Late Season Fusarium Wilt of Watermelon – Vegetable Crops Hotline

Late Season Fusarium Wilt of Watermelon

Over the past few weeks, I have observed several watermelon fields with relatively large areas of wilted plants.There can be several reasons for such symptoms.In the article below, I will discuss late season Fusarium wilt of watermelon.In a separate article, I will discuss mature watermelon vine decline.In a separate article/blog I discussed root knot nematode.All of these diseases can cause wilt and decline of relatively large areas of cucurbits.

Fusarium wilt of watermelon is often observed when the vines are just starting to touch each other within a row. Sometimes, however, Fusarium wilt of watermelon does not show up until later in the season when the plants are near maturity. Fusarium wilt at this point in the season may cause a few vines to wilt (Figure 1). The distribution of affected plants is due to the distribution of the Fusarium fungus in the soil. Often well drained areas of the field are affected. This year, I have witnessed fields with widespread Fusarium wilt late in the season (see Figure 1). These vines were probably infected early in the season, but symptoms didn’t show up until later in the season.

To diagnose Fusarium wilt late in the season, find the crown of the plant. In many cases, some of the vines growing from the crown will be dead or wilted, while the other vines may be less affected (see Figure 2). The roots of plants affected by Fusarium wilt usually appear healthy. However, if the plant stem at the base is cut open, the inside reveals discolored vascular tissue (see Figure 3). (When the roots are dug up, be sure to check for root knot nematode.)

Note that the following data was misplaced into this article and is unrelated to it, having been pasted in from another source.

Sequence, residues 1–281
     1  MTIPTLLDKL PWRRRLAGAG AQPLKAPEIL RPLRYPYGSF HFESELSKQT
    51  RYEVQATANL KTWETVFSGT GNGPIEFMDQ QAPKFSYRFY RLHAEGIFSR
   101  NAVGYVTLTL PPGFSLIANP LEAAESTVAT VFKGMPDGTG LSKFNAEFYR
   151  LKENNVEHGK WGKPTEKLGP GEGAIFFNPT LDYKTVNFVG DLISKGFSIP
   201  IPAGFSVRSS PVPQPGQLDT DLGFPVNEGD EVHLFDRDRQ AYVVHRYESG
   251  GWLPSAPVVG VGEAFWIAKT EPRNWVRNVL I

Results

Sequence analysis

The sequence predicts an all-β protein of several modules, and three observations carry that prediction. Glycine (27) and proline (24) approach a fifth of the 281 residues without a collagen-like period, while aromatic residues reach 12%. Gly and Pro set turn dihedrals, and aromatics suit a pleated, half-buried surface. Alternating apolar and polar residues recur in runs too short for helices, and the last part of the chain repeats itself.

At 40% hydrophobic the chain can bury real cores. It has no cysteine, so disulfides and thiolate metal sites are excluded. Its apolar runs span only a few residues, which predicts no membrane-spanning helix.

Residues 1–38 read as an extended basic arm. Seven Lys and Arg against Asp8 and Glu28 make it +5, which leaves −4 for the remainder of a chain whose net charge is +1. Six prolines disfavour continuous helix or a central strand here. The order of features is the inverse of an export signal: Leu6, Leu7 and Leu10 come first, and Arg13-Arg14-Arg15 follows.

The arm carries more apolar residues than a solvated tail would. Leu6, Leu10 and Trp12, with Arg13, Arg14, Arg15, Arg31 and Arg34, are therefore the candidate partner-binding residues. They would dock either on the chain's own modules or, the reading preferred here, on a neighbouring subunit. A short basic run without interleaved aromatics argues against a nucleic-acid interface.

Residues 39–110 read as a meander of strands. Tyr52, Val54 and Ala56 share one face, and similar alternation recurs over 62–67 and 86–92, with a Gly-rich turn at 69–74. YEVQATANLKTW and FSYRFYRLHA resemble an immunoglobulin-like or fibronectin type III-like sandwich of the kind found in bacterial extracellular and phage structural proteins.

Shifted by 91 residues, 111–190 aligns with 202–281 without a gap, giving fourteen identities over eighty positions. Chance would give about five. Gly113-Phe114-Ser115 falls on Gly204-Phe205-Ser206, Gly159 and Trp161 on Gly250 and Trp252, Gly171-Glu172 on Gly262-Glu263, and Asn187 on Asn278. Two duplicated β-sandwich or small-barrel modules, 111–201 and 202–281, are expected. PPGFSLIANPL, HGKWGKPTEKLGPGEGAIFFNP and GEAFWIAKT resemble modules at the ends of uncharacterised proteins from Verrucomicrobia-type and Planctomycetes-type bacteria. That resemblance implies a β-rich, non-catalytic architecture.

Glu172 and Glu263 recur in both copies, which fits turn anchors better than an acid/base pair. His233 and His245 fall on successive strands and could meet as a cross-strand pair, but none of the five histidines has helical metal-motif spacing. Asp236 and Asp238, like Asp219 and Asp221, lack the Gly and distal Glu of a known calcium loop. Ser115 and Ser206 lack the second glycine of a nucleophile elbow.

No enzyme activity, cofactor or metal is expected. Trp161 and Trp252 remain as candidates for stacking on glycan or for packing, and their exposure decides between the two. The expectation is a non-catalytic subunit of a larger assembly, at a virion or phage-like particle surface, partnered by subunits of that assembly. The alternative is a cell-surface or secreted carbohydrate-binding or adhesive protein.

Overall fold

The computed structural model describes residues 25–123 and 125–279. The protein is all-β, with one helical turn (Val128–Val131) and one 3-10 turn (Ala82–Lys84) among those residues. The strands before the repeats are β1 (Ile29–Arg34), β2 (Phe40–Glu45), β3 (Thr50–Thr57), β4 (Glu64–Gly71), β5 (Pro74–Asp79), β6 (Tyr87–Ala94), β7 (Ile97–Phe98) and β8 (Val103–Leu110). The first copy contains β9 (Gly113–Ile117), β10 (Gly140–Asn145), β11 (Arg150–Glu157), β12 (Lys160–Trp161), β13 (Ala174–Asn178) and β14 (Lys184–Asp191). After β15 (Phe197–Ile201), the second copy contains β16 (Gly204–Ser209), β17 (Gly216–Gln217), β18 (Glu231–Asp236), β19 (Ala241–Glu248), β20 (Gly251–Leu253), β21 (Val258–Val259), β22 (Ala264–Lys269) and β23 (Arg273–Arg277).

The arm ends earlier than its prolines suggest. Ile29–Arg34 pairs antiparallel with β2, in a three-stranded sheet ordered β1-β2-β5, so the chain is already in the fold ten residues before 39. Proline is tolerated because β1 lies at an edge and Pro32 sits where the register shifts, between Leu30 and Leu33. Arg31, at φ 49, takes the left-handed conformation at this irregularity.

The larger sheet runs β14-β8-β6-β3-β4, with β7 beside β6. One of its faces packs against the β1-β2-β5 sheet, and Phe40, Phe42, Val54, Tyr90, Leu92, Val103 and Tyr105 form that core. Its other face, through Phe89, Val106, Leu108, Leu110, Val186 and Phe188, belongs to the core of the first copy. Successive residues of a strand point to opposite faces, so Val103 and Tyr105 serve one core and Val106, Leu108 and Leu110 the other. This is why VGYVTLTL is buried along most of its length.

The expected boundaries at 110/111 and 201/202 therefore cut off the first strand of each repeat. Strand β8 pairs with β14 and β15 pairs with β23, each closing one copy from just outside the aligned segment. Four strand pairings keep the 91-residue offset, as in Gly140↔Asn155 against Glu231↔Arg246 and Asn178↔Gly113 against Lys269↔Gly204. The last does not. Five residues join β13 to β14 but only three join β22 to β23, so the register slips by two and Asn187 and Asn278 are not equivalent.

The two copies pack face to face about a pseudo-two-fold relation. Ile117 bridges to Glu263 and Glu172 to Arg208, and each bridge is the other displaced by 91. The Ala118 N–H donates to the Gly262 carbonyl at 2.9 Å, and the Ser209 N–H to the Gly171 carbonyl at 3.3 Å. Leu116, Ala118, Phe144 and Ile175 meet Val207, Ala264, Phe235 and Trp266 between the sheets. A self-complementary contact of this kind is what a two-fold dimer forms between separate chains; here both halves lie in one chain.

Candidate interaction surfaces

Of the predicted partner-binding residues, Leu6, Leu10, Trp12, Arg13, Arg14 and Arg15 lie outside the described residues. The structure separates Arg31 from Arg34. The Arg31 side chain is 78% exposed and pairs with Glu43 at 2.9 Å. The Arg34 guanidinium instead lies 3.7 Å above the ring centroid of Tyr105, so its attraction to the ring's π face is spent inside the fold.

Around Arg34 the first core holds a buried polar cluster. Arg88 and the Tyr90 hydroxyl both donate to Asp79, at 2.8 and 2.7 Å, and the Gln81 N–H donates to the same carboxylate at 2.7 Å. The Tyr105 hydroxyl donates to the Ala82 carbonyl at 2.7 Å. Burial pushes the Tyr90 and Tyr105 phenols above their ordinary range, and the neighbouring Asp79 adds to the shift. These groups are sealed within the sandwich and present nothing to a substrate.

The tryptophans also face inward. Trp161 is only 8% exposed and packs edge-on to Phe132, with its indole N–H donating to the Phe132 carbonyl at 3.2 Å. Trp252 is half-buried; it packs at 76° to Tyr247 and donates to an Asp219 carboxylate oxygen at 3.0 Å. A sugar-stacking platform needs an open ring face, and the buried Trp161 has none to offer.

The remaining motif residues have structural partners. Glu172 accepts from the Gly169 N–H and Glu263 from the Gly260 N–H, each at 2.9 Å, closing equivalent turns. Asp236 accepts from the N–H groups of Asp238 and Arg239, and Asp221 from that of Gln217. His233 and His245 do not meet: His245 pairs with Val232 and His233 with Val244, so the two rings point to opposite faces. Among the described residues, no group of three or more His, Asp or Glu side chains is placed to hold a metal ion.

Management options for Fusarium wilt of watermelon do not include any late season alternatives. At this time of year, one should remember to plan a crop rotation from watermelon to a non-cucurbit crop. Earlier in the year, options include choosing hybrids with partial resistance and the use of Proline at planting and/or in irrigation water. For more information about Fusarium wilt of watermelon, see the Midwest Vegetable Production Guide for Commercail Growers 2014 (ID-56) and this bulletin

Figure 1: Under the appropriate conditions, Fusarium wilt of watermelon
can cause large areas of commercial watermelon production
to wilt and decline. (Click image for larger view)

Figure 2: Mature watermelon plants affected by Fusarium wilt often have
some of the vines dead while others are still green.
(Click image for larger view)

Figure 3: The vascular system of watermelon plants affected by
Fusarium wilt are often discolored at the crown area.
(Click image for larger view)

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